Larry BraunerPlease prepare yourself for a small dose of cynicism. Last week, a Facebook sales rep tried to persuade me to buy ads to drive traffic to the Gevril page, in order to increase its number of fans. Neither the rep’s rational nor the outcome of our talk are important for now. However, I do wish to look at the implications of this one aspect of the Facebook business.

The Dark Side of Facebook Ads

FacebookYou pay Facebook to drive people from unspecified Facebook pages to your fan page, hoping that once there, they’ll “like” your Facebook page. You also hope that you’ll benefit from building a Facebook fan base.

When a member clicks on your ad link and then clicks your “like” button, that activity is called engagement. Naturally, the more Facebook engagement, the more lively and profitable the Facebook site is for its owner.

Consider this: When you advertise your fan page using Facebook ads, you’re paying for the privilege of increasing Facebook activity. You’ll even bid against other advertisers for that privilege. Is that totally ingenious or what?

Is it any wonder that Facebook makes it so challenging for us to use our personal profiles to conduct business or to organically grow our business pages?

What do you think?

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Larry BraunerYou’ve created Ning networks or belong to Ning networks started by others. What next?

In 10 Ways to Brand and Market on Ning Networks, I examine a variety of Ning network features that are useful for promoting yourself or your business.

Ning Social NetworksHowever, what if you’re interested in promoting a Ning social network itself?

Here are 10 ideas for promoting the Ning networks to which you belong:

  1. Your Contacts - Send personalized emails to people you know. (Ning’s invite feature is not effective, since the emails Ning sends are impersonal and will be treated by many as spam.)
  2. Network Content - Share your Ning network, your network’s groups and all your network’s content on social networking sites, such as Facebook and LinkedIn, and social bookmarking sites like StumbleUpon. This approach is my personal favorite, since it promotes the Ning network and the network’s content at the same time.
  3. Articles and Blog Posts - Discuss your Ning network and your network’s content in blog posts and articles you write.
  4. Badges or Widgets - Place your Ning network badge on blogs and other websites. Even if badges attract few new members, they’ll help with SEO efforts by providing inbound links. A badge on the sidebar of a blog is in effect a link from every page and blog post on that blog.
  5. Links - Build inbound dofollow links to your Ning network and your network’s content.  Links, like Ning network badges, help with SEO, even if they don’t send much direct traffic. Use relevant anchor text in your links.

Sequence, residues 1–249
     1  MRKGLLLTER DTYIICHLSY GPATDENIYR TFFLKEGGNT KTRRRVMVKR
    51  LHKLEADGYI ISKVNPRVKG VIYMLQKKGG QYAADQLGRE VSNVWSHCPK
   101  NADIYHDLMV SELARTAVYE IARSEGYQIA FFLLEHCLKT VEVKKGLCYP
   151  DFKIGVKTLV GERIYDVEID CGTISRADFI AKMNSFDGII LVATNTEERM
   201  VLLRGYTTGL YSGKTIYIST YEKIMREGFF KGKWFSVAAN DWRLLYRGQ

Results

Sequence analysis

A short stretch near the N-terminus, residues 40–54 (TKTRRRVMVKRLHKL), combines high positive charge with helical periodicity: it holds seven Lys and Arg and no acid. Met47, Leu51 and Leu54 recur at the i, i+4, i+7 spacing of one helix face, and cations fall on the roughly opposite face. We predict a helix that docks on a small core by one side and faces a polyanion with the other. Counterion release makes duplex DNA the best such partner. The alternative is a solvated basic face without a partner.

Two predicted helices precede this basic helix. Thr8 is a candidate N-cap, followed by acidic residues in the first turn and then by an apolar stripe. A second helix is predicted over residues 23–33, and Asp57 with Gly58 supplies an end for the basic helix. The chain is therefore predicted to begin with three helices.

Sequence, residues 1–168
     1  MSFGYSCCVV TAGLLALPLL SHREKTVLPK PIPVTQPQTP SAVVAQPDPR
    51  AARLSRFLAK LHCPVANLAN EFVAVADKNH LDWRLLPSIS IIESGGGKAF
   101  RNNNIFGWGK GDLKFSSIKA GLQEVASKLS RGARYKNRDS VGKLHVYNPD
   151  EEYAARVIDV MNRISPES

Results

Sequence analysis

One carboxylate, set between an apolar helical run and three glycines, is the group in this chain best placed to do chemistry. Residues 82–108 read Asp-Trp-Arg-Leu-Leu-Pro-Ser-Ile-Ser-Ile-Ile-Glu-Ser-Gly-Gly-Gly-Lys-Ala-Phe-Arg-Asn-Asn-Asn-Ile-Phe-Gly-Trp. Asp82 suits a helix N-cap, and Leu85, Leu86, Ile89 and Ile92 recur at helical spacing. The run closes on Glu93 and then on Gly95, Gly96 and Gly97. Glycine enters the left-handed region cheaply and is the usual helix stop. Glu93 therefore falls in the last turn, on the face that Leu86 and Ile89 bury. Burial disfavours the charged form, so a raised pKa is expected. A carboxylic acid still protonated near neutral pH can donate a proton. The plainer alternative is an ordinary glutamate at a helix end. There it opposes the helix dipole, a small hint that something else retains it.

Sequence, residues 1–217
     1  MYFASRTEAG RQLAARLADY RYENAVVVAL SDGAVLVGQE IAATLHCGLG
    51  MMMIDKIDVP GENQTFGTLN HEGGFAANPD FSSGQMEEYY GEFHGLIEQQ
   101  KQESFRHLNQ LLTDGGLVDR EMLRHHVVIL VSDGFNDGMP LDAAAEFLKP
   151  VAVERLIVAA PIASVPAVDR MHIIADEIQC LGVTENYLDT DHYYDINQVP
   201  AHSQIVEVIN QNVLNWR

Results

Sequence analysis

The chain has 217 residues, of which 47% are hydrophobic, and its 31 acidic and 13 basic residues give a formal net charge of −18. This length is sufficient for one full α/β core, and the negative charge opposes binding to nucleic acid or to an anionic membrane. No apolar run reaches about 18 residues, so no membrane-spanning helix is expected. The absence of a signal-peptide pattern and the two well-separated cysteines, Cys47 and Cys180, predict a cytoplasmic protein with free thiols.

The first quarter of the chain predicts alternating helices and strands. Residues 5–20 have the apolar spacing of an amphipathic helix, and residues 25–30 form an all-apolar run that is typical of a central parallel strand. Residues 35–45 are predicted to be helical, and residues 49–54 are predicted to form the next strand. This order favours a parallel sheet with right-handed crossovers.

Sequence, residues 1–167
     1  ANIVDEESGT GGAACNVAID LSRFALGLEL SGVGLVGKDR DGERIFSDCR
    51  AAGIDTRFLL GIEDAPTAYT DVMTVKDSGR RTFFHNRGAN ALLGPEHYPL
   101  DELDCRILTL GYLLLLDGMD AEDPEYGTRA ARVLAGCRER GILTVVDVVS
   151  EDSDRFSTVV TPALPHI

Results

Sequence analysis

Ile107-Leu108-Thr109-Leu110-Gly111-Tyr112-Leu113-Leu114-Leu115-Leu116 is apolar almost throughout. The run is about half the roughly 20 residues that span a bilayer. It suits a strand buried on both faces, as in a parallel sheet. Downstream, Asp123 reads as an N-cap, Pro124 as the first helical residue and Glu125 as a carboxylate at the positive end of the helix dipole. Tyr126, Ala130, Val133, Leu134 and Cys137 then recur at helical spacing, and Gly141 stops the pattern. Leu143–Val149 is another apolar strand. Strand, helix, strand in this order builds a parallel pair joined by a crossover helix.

6. SEO - Optimized keyword-rich blog posts on your Ning network will attract visitors who are looking for your content. Building links as previously mentioned will improve SEO results.
  7. Connectors and Influencers - Ask networking connectors and social media influencers to help by referring new members to your Ning network. These types of people love to help others.
  8. Comment on Blogs and Forums - Use insightful comments to pique interest and drive traffic to your Ning network. Avoid spamming!
  9. Classified Ads - Craigslist and other advertising sites can drive traffic to your Ning network. Experiment to learn what works best.
  10. Business Cards and Fliers - Experiment with offline marketing, as well. I suggest you keep it simple.

I encourage you to add your own ideas to this list.

Join my Small Business Network (promoting my Ning network ;-) ), and if you’re new to this blog, please subscribe.

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Larry BraunerHow much do you know about website widgets?

Last week, in Website Widgets and Ads Raise Security and Privacy Issues, I shared my concerns about security and privacy issues connected with the use of widgets on a blog or other website.

I concluded, “You are responsible as a blogger or website owner to protect the privacy of your visitors as best you can. Use widgets from reputable sources and banner ads, too.”

Today, I list 10 types of website widgets that can enhance your site:

  1. Community Building Widgets - I use both Google Friend Connect and Facebook fan page widgets here on Online Social Networking. They work on blogs, as well as other websites, and I like them very much. Make sure you enable and use the Google Friend Connect newsletter feature.
  2. Subscription Widgets - I use RSS and NetworkedBlogs widgets, which are suitable for blogs, and I also use an email subscription widget that works with any website.
  3. Tracking Widgets - In addition to embedding Google Analytics internally on every page of this blog, I use Get Clicky, Alexa, Page Rank Checker, Website Grader and Flag Counter widgets to acquire a broad range of additional statistics.
  4. Social Networking Widgets - Social network widgets encourage visitors to connect with you on Twitter, Facebook, BlogCatalog, MyBlogLog and other key social bookmarking and social networking sites. An Entrecard widget enables me to network and expose my blog to thousands of bloggers.